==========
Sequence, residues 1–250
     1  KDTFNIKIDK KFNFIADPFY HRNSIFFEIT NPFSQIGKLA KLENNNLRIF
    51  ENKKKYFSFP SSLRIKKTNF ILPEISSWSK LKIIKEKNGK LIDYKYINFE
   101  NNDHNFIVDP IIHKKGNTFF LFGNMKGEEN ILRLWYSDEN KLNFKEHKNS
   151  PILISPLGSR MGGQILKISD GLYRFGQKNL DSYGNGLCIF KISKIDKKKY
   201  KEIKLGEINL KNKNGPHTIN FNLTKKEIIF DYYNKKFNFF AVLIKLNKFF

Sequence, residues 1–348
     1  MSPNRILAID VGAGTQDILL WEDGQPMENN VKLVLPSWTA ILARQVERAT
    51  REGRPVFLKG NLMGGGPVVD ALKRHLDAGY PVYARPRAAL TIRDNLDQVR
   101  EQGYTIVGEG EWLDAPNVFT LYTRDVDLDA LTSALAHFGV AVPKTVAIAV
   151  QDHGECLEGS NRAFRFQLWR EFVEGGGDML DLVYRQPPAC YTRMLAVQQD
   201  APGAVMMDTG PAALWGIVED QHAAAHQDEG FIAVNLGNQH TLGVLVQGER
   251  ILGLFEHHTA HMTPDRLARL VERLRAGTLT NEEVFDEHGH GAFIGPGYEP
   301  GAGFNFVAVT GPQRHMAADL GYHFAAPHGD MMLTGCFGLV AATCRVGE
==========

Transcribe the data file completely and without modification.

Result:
Sequence, residues 1–250
     1  KDTFNIKIDK KFNFIADPFY HRNSIFFEIT NPFSQIGKLA KLENNNLRIF
    51  ENKKKYFSFP SSLRIKKTNF ILPEISSWSK LKIIKEKNGK LIDYKYINFE
   101  NNDHNFIVDP IIHKKGNTFF LFGNMKGEEN ILRLWYSDEN KLNFKEHKNS
   151  PILISPLGSR MGGQILKISD GLYRFGQKNL DSYGNGLCIF KISKIDKKKY
   201  KEIKLGEINL KNKNGPHTIN FNLTKKEIIF DYYNKKFNFF AVLIKLNKFF

Sequence, residues 1–348
     1  MSPNRILAID VGAGTQDILL WEDGQPMENN VKLVLPSWTA ILARQVERAT
    51  REGRPVFLKG NLMGGGPVVD ALKRHLDAGY PVYARPRAAL TIRDNLDQVR
   101  EQGYTIVGEG EWLDAPNVFT LYTRDVDLDA LTSALAHFGV AVPKTVAIAV
   151  QDHGECLEGS NRAFRFQLWR EFVEGGGDML DLVYRQPPAC YTRMLAVQQD
   201  APGAVMMDTG PAALWGIVED QHAAAHQDEG FIAVNLGNQH TLGVLVQGER
   251  ILGLFEHHTA HMTPDRLARL VERLRAGTLT NEEVFDEHGH GAFIGPGYEP
   301  GAGFNFVAVT GPQRHMAADL GYHFAAPHGD MMLTGCFGLV AATCRVGE